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2016 News in Brief



Polymer may offer cheaper alternative to smart windows

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PHOTO: MIT postdoc Francisco López Jiménez stretches a rectangular sheet of the polymer PDMS he and his colleagues used to predict how much light is transmitted when a specific mechanical force is applied.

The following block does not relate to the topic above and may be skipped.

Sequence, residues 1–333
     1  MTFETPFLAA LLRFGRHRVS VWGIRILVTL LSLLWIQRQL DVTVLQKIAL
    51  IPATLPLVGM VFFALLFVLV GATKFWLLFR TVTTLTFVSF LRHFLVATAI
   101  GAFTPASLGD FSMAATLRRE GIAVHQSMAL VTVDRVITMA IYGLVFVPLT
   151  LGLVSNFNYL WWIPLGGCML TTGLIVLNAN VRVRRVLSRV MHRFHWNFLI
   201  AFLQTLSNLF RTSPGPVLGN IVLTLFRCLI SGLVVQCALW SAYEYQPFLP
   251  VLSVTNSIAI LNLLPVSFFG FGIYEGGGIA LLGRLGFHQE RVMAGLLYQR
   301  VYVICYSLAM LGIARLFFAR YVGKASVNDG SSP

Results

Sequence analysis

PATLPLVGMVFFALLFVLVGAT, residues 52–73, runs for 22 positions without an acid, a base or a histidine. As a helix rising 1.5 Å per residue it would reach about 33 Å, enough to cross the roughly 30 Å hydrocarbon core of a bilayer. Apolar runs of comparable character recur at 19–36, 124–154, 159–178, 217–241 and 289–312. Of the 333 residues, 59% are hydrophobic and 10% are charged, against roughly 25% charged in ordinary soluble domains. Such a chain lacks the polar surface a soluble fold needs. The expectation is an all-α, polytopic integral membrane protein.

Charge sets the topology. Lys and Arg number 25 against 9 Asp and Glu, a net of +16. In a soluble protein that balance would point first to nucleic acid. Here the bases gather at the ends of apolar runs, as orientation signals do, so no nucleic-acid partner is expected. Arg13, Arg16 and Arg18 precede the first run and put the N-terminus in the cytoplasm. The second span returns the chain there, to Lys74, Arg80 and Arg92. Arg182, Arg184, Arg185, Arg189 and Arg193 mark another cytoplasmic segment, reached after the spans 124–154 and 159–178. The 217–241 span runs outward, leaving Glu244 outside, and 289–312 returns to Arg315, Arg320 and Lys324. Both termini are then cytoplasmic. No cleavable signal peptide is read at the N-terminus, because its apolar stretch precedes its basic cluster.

A team of scientists led by Professor Pedro Reis has developed a theory to predict how much light is transmitted through a material and the transparency of a polymer structure as it stretches and inflates. The researchers’ newfound understanding of polymer structure may be useful in the design of cheaper materials for smart windows. “For buildings and windows that automatically react to light, you don’t have to spend as much on heating and air conditioning,” said Francisco López Jiménez, a CEE postdoc in Professor Reis’s lab. “The problem is, these materials are too expensive to produce for every window in a building. Our idea was to look for a simpler and cheaper way to let through more or less light, by stretching a very simple material: a transparent polymer that is readily available.” Read the story.